Thomas Jackson

Photo of Thomas Jackson (SHC ref 2271/10/25)

The only known photograph of Thomas Jackson, wearing his Royal Philanthropic Society ‘Reform’ school uniform. From his page in the school’s admissions register (SHC ref 2271/10/25).

The Royal Philanthropic Society ran a school in Redhill from 1849 until 1988. Many children were sent to the institution to correct their criminal conduct. Among the reoffenders who were sent to the school to gain experience in honest work and discipline was Thomas Jackson, a Black child with Jamaican heritage who arrived at the school in 1906.

Thomas Jackson was the son of Charles and Lydia Jackson. Charles was born in the West Indies, in Jamaica, c.1855, around twenty years after the abolition of slavery on the island. Lydia was also born in Jamaica, according to the 1911 Census entry for the family. Perhaps the couple were married there before moving to England to start a family? According to their entry in the 1891 census, the year after Thomas was born, the Jackson family were living at 301 Bache’s Street in Shoreditch, East London, where an immigrant population was growing around London’s docklands. Charles was earning money by ‘hawking’ dresses, travelling from place to place selling goods (itinerant).

Later, in 1906, a 15-year old Thomas Jackson was found guilty of stealing two shillings and eight pence from a till. It was not his first offence: he had been caught stealing on a number of occasions dating back to 1904. On 14th February, after being remanded for seven days in Brixton prison, Thomas was sent to the reform to stay there until the age of nineteen. In the school’s admissions register, besides the archaic and derogatory racial description (‘negro features, thick lips’), the registrar recorded that Thomas ‘bites his nails short’. Interestingly, having been at the school three months, Thomas was then baptised in May 1906.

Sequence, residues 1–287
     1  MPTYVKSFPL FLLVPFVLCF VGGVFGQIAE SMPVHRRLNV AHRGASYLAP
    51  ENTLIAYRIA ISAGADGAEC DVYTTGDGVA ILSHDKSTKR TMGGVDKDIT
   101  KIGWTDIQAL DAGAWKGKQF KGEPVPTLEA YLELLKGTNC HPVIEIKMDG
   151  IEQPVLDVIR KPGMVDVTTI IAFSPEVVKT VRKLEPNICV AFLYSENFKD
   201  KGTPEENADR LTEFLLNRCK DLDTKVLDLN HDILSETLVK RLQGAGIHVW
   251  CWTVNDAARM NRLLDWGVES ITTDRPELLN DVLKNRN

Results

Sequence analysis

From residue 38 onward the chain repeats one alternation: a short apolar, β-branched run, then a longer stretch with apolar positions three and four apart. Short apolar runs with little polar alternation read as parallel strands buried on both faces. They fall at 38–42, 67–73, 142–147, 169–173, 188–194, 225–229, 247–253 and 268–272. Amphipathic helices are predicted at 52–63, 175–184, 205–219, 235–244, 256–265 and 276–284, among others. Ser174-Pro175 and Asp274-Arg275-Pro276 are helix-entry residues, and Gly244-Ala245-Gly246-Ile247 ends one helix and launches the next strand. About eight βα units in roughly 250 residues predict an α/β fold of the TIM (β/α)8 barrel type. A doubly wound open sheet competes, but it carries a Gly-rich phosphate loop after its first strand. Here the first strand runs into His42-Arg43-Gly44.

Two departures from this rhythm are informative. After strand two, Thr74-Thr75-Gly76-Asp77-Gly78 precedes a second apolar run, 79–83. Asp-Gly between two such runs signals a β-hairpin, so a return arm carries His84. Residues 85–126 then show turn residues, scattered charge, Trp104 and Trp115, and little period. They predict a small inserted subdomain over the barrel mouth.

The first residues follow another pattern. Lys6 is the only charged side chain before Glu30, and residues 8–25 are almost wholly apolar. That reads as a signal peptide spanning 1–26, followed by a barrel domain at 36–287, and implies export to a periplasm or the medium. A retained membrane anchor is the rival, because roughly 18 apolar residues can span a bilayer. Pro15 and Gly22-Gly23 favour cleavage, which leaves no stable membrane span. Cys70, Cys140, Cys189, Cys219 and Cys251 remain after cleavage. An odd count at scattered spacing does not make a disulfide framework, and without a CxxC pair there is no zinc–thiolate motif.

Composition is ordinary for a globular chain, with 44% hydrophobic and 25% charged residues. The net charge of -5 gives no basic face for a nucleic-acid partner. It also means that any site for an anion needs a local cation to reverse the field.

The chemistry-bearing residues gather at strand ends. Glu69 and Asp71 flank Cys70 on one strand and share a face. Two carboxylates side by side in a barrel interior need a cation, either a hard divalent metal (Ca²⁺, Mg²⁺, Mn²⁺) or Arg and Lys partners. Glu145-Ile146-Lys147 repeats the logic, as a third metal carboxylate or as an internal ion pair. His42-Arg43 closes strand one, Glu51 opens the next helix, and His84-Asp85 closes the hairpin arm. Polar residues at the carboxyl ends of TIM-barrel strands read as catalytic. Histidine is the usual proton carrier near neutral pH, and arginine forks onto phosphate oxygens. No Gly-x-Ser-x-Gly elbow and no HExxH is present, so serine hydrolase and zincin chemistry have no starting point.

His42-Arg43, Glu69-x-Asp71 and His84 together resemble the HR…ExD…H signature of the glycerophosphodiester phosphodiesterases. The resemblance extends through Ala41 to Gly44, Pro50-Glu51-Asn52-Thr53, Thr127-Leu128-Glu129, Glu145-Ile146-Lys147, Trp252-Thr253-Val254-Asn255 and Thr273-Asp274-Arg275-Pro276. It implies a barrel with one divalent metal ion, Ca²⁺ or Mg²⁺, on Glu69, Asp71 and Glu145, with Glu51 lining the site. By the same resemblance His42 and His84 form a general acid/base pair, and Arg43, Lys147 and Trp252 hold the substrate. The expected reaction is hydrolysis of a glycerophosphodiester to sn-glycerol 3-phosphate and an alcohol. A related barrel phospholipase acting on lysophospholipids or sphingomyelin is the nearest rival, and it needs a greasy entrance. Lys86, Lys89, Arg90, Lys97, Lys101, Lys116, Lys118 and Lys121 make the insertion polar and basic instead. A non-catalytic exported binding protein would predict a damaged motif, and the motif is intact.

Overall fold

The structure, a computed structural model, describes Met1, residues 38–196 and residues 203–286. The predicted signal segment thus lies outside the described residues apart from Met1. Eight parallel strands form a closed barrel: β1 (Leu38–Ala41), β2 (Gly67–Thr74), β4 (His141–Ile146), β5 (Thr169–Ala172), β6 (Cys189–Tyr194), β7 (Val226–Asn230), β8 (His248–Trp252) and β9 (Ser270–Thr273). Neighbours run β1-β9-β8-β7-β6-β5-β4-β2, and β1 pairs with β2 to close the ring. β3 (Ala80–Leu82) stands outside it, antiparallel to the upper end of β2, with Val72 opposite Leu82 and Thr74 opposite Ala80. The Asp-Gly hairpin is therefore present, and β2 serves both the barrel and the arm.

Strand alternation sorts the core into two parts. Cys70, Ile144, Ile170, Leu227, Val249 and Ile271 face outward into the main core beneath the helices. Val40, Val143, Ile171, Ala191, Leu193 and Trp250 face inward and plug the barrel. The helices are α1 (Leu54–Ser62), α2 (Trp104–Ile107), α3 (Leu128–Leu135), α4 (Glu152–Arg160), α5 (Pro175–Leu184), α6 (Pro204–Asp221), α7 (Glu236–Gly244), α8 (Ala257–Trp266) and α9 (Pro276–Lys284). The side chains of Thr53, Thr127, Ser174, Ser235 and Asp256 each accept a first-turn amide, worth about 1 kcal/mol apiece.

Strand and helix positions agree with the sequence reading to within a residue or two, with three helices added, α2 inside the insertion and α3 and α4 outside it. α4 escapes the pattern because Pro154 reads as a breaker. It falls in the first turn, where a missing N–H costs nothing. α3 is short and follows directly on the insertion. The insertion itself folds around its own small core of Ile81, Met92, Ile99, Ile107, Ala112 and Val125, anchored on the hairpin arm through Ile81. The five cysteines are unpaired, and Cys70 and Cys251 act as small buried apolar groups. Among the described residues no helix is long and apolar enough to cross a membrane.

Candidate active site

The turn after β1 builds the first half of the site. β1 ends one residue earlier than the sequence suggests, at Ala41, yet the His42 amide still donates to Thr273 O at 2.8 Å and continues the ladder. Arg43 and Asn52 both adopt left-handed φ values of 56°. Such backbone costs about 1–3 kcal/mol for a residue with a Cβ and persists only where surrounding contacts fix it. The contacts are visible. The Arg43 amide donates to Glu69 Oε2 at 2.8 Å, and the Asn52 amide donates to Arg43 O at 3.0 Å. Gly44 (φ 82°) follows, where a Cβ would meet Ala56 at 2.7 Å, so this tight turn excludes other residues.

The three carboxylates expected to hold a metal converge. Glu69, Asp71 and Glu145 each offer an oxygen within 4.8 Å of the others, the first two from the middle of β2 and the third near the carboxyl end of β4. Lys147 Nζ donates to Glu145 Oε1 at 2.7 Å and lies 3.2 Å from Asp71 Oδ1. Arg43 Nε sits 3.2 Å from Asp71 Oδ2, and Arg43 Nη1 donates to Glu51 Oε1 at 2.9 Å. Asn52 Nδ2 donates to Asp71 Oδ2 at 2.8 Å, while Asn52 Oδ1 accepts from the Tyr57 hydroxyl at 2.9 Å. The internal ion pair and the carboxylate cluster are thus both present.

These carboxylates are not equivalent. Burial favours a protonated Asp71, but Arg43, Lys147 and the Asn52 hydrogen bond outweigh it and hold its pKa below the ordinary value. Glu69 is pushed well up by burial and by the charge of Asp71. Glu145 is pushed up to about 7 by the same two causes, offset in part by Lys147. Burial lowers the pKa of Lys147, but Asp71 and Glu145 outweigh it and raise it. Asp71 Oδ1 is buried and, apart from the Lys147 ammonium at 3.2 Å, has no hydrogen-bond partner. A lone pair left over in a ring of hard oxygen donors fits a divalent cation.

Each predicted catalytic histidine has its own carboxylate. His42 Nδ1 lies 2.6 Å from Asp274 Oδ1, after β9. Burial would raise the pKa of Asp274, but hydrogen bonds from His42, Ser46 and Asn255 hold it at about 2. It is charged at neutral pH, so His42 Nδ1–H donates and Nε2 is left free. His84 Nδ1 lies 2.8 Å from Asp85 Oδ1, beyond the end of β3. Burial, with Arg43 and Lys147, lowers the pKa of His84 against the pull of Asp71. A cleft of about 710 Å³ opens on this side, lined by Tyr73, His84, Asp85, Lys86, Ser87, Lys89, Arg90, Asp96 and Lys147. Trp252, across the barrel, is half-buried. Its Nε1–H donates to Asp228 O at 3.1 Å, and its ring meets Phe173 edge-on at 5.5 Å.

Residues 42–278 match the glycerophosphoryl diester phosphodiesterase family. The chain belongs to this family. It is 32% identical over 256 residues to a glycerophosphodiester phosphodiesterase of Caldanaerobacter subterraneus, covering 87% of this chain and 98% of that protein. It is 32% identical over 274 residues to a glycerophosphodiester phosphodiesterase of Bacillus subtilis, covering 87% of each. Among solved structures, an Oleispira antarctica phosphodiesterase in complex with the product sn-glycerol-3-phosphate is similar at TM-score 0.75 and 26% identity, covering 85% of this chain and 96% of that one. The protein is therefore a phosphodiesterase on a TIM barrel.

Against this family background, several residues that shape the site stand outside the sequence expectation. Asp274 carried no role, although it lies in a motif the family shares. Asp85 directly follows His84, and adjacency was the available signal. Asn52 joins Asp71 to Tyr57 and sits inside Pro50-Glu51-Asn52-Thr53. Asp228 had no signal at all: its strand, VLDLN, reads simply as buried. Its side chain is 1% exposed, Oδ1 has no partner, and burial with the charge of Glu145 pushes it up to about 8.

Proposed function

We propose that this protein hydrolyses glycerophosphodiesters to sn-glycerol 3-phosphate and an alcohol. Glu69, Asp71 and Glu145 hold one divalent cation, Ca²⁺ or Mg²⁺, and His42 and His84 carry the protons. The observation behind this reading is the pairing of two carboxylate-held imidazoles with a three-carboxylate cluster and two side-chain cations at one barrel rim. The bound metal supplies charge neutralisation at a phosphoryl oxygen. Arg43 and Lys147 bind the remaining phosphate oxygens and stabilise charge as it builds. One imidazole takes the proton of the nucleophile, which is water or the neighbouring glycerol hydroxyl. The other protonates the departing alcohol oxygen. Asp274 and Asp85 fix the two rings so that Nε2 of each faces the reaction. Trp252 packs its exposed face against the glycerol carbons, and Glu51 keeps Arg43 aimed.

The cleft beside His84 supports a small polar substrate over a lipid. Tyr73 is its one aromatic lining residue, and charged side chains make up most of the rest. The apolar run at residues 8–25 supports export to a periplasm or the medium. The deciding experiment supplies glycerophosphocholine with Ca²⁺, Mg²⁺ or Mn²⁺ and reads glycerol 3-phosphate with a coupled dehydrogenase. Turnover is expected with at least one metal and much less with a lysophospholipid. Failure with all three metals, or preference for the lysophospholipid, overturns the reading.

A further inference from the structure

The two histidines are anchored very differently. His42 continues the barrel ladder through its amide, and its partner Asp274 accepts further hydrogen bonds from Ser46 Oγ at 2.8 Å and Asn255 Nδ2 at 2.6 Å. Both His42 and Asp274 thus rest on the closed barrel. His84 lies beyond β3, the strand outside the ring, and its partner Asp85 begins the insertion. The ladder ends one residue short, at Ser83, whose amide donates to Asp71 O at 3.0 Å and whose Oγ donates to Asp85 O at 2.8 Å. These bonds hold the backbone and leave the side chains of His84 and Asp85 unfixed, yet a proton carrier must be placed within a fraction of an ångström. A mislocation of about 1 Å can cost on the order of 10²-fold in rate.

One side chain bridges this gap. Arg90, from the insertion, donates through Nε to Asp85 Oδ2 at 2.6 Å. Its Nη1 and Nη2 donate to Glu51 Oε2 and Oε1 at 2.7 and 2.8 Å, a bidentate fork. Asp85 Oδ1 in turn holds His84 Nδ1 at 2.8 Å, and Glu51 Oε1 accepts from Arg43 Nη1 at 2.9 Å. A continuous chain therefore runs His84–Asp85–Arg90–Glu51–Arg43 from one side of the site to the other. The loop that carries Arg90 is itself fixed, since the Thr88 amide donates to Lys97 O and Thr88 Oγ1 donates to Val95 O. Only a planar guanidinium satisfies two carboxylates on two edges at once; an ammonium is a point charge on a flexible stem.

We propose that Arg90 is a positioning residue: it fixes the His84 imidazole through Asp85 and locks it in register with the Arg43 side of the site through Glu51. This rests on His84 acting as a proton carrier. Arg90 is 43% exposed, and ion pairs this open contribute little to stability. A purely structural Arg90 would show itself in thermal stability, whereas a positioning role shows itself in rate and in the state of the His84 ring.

There is additional information about Thomas’ family in the register. The family lived at Martin’s Road, near Custom House, in the district of West Ham, London. It had grown to include Thomas’ elder and younger brothers and a younger sister too. Charles was earning ten shillings a week as a ‘bead necklace maker and hawker’. Lydia’s name was recorded but there were no further details about her. The family were still living in East London.

Image of Thomas Jackson's entry in the admissions register (SHC ref 2271/10/25, page 1)

Image of Thomas Jackson's entry in the admissions register (SHC ref 2271/10/25, page 2) Thomas Jackson’s entry in the Royal Philanthropic Society ‘Reform’ school admissions register (SHC ref 2271/10/25).

In 1906, the Royal Philanthropic Society’s Redhill site consisted of a farm and a number of houses. Pupils living there were supervised while they worked on the farm by a master and his wife. The boys also learned practical skills trades. There was a chapel and an army cadet corps. Many of the pupils enlisted in the army, while others were sent back home. Yet more emigrated out of England altogether, encouraged to take advantage of job vacancies abroad, especially in Canada.

Thomas Jackson was visited by his mother a number of times whilst at the school. He was finally allowed to leave and return home to West Ham, aged nineteen.

If you have any further details about Thomas’ life we’d be delighted to hear about them: mailto:[email protected]

Sean Canty


Royal Philanthropic Society ‘Reform’ school, Redhill; Admissions Register (1906-1909, SHC ref 2271/10/25).
1891 Census entry for the Jackson family of Bache’s Street, Shoreditch, London (Class: RG12; Piece: 246; Folio: 67; Page: 34; GSU Roll: 6095357).
1911 Census entry for the Jackson family of Martin’s Road, Custom House, West Ham, London (Class: RG14; Piece: 9489; Schedule Number: 300).


One thought on “Thomas Jackson”

  1. Chris says:

    Hi i am trying to find info on a relative who was at the reformtory at Redhill..Reigate in 1911 how can i find this information ?

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